Karnalyte Resources potash update
‘We want to see this succeed’: Karnalyte plans to pursue Wynyard potash mine despite CEO’s abrupt exit
ALEX MACPHERSON, SASKATOON STARPHOENIX
Published on: July 28, 2017 | Last Updated: July 28, 2017 6:21 PM CST
The site of Karnalyte Resources Inc.’s proposed potash mine near Wynyard.
KARNALYTE RESOURCES INC.
The collapse of a $700 million financing agreement and the unexpected departure of its founder and longtime president have not halted a Saskatoon-based junior miner’s plan to secure the funds needed to build a potash mine near Wynyard, according to its new interim chief executive.
Todd Rowan, who was earlier this month appointed to lead Karnalyte Resources Inc. as it looks for a permanent CEO, said while he could not disclose details of the company’s plans, it is “working towards” building the proposed 625,000-tonnes-per-year solution mine about 175 kilometres west of Saskatoon.
“We need financing; that’s the only hurdle left,” said Rowan, who also sits on Karnalyte’s board of directors. He declined to comment on whether the company will seek a new deal with its former financing partner, Gujarat State Fertilizer & Chemicals Ltd. (GSFC), or look elsewhere for the money.
GSFC representatives did not immediately respond to a request for comment on Wednesday.
Rowan said he also could not comment on the abrupt exit of Robin Phinney, who founded Karnalyte in 2007 and championed its project near Wynyard before leading a group of concerned shareholders after the company’s board decided to suspend work at the site in 2015. Reached by phone, Phinney, whose exit was announced last month, also declined to comment.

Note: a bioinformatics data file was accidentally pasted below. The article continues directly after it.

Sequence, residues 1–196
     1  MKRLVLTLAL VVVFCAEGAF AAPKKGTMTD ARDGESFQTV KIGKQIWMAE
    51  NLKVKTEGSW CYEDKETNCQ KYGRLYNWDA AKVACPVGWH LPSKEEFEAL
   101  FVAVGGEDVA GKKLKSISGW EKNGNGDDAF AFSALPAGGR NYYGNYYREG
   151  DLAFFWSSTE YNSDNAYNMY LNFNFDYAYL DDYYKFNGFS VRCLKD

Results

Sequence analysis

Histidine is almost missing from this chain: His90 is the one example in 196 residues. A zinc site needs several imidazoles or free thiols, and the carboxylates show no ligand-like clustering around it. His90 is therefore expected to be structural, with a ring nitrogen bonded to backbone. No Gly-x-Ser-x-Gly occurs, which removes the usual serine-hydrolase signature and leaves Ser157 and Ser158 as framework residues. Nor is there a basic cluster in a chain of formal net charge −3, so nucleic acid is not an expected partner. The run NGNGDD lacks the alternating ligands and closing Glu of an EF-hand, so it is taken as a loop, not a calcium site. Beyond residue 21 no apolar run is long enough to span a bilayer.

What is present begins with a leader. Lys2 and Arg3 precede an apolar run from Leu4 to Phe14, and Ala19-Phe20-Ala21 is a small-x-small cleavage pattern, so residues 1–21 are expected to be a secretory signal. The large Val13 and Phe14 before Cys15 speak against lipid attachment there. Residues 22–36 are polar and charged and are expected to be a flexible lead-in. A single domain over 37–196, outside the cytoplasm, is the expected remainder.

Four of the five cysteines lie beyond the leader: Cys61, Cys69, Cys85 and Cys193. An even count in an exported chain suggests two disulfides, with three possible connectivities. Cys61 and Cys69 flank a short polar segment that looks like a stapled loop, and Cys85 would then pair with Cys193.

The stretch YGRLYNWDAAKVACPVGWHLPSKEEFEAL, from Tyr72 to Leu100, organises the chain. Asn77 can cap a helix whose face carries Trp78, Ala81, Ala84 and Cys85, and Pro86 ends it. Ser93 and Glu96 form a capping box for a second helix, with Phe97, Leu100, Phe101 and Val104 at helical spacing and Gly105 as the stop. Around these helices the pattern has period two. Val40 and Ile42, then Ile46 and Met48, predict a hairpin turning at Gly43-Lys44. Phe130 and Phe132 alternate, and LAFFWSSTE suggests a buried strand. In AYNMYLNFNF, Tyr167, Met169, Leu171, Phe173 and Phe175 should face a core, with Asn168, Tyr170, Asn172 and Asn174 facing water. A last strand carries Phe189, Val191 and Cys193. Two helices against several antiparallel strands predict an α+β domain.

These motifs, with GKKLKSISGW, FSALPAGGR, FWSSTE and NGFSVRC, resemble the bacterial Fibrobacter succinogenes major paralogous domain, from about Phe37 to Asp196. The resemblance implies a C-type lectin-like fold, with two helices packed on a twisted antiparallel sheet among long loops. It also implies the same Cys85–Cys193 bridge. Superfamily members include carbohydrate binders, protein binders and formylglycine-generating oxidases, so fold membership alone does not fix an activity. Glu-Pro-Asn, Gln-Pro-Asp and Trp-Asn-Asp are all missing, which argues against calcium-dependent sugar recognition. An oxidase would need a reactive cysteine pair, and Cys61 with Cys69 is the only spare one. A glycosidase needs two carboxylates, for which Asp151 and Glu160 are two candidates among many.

Karnalyte’s plan to build the mine, the first phase of which is expected to cost $789 million to build, began to move quickly last year after it announced an agreement in principle to finance the project with GSFC. Three years earlier, the Indian company had invested $44.7 million into Karnalyte.
Phinney said at the time that the deal — which involved GSFC underwriting the mine’s construction and buying 56 per cent of its production for 20 years in exchange for a temporary 51 per cent voting stake in the company — meant he could have “dirt flying” by late 2016. That changed last summer when the companies said they had not been able to reach an agreement.
Wynyard chief administrative office Jason Chorneyko said while it’s unlikely that Karnalyte’s plan to forge ahead will attract investment to the town of 1,800 until a mine is built, the prospect of temporary construction jobs and permanent mining positions would be significant.
“Any news of this type is good news,” he said.
Karnalyte is not the only junior miner planning to build a new potash mine in Saskatchewan. Vancouver-based Encanto Potash Corp. is working toward establishing a mine on Muskowekwan First Nation, while a new joint venture aims to have a mine near Tugaske operational sometime in 2019.
“We want to see this succeed,” Rowan said.